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The meaning of NYC’s Christmas gift of religious liberty to the nation

Part 4 of the series “NYC’s greatest Christmas gift to the nation: religious liberty”

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Sympathy for the outsider is hard won. Clique ostracizing a new girl, a Quaker, in New York City, 19th century.
Art and Picture Collection, The New York Public Library. "Clique ostracizing a new girl, New York City, 19th century." The New York Public Library Digital Collections. 1899.

 

This was a time of great debates and some conflict on how Protestants could unite to consolidate their victory and to reach some sort of modus vivendi with Catholics and people of other faiths as Protestant explorers went to all parts of the globe. Were other peoples of other faiths made in the image of God? Could they give birth to creative ideas consistent with Scriptural revelations? Might they be potential brothers and sisters in Christ?

The Remonstrance was important for being one of the founding documents of “sympathetic objectivity.” The writers didn’t just say, tolerate people of other religions. Rather, the argument was that the Christians of New Netherland should consider that people of other faiths might have something valuable to contribute to Christians.

Toleration is a thin relationship with someone else. It is the minimal precondition for being in the same room with each other. But one doesn’t have to say hello and could even stand on the other side of the room, never seeing someone with a different, objectionable faith.

The Remonstrance pointedly reminded the Director General that God’s law is “to do good unto all men.” Regardless of nationality, race, or religion, all “are considered Sons of Adam.” The writers choose to mention specific groups with whom Europeans had a disagreement as representative of all groups: Jews (at least those who rejected the divinity of Christ); Turks (Muslim invaders of Europe at that very moment); and Egyptians (perhaps meaning polytheists like those found in ancient Egypt). Scholar Evan Haefeli points out the similarity of this formulation to the one found in 1612 and 1614 English Baptist tracts on behalf of granting religious  liberty to “Jews, Turks, and pagans as long as they are peaceable, no malefactors.”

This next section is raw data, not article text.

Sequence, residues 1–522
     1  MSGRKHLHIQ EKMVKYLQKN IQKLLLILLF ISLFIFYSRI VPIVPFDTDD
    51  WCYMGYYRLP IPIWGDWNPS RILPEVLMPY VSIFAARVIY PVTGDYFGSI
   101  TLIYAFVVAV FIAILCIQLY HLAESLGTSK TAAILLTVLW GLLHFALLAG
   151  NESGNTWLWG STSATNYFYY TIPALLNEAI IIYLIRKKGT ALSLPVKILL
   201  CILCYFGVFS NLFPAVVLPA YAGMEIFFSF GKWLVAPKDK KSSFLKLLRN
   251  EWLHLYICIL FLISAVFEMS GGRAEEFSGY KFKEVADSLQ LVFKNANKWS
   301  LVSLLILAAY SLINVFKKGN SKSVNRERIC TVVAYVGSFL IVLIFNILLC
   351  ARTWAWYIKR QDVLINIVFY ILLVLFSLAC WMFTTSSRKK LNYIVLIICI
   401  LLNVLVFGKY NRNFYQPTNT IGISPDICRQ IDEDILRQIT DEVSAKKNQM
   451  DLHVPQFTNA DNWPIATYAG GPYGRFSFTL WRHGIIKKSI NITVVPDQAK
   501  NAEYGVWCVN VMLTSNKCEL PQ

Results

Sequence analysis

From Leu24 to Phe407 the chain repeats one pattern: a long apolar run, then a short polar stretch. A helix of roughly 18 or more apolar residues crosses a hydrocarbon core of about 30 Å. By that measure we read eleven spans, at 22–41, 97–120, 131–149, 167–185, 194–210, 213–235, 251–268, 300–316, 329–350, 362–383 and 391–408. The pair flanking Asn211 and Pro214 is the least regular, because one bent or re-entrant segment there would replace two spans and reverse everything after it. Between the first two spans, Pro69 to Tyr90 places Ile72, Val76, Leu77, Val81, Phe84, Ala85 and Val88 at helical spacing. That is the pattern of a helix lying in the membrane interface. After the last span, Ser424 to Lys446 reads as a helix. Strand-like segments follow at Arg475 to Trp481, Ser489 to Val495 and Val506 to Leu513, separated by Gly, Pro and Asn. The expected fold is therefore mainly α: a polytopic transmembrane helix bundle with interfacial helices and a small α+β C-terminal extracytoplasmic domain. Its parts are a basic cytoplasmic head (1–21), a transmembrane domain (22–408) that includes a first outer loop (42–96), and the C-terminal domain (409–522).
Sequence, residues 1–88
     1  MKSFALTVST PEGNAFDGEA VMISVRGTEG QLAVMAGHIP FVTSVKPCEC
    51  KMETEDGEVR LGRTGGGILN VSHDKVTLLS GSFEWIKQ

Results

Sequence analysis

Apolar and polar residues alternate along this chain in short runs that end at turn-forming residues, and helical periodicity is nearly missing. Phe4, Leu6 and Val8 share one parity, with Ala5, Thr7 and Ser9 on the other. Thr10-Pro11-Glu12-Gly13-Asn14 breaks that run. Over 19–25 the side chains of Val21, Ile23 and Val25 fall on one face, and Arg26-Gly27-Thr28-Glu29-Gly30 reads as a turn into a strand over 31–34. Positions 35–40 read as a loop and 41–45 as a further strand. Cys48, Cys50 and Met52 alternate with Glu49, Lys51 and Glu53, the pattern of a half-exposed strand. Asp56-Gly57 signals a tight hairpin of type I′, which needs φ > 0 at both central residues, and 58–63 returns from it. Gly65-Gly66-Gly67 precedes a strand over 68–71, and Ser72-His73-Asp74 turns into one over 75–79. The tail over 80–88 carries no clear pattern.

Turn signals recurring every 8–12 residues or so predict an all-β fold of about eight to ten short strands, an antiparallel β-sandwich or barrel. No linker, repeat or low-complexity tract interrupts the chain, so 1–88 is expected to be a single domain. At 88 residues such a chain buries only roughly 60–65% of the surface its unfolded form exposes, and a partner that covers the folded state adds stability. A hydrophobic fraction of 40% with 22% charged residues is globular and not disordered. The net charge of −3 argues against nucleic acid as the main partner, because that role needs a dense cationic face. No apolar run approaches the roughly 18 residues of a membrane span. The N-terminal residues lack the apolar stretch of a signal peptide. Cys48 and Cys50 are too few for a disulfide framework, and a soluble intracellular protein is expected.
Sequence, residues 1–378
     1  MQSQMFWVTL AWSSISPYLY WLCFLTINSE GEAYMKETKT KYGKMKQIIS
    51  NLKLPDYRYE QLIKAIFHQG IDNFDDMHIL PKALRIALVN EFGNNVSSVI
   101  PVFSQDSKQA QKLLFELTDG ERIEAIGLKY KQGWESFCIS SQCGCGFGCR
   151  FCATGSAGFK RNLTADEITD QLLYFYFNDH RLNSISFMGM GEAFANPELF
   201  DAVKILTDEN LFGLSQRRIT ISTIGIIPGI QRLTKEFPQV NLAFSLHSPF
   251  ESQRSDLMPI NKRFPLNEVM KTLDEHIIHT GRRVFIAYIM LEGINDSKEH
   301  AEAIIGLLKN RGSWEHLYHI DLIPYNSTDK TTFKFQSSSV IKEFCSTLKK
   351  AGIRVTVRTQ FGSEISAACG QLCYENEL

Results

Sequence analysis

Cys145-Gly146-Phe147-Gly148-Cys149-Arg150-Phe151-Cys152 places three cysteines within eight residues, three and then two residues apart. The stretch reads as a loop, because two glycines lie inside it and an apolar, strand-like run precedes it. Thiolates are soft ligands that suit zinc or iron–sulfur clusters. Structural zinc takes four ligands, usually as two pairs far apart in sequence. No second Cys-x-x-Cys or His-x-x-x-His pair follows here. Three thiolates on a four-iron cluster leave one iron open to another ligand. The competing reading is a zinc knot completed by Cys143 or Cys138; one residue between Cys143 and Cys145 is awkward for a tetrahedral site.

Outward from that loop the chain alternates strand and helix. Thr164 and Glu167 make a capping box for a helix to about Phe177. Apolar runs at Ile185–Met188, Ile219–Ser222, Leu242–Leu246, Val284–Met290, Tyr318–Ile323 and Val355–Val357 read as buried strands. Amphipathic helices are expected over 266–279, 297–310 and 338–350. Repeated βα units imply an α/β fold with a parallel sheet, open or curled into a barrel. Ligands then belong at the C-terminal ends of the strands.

A Quaker Trial. Art and Picture Collection, The New York Public Library. The New York Public Library Digital Collections.

 

The document does not mention religious freedom for Catholics or atheists. The omission of Catholics may be due the fact that Protestants were in the midst of fighting a desperate battle with Catholics. No religious party at the time trusted the atheists, whom were considered inclined toward moral depravity.

The writers of the Remonstrance rooted their doctrine in Jesus’ admonition, “Bless your enemies.” He did not say “tolerate your enemies.” His word about inter-religious relations was much, much stronger: “bless” means generously giving favor and aid to a person of another religion. But the Remonstrance went even further.

If “blessing” meant just giving to your enemy, it could easily imply that the Christian has superiority because he or she has something to give the “poor, benighted” person of another religion or no religion. Indeed, the giving can’t be mutual as the “Other” has needs, not resources.

The public-spirited Christians of Flushing pointed out that God may be giving to the non-Christian knowledge, wisdom, and material goods that are of inestimable value to the people of Christian faith. The writers say, look for the good in any man of any faith, “whether Presbyterian, Independent, Baptist, or Quaker” (these being some of the warring factions in England).

Jesus’ golden rule actually states that the relationship between neighbors of any faith should be mutually a blessing. He said, “Do unto others as you would have them do to you.” This is “the true law” for the state and church of New Netherlands “for our Savior sayeth this is the law and the prophets.”

The Flushing townspeople wrote that it would be disheartening to good people if we reject the good given by those of another faith.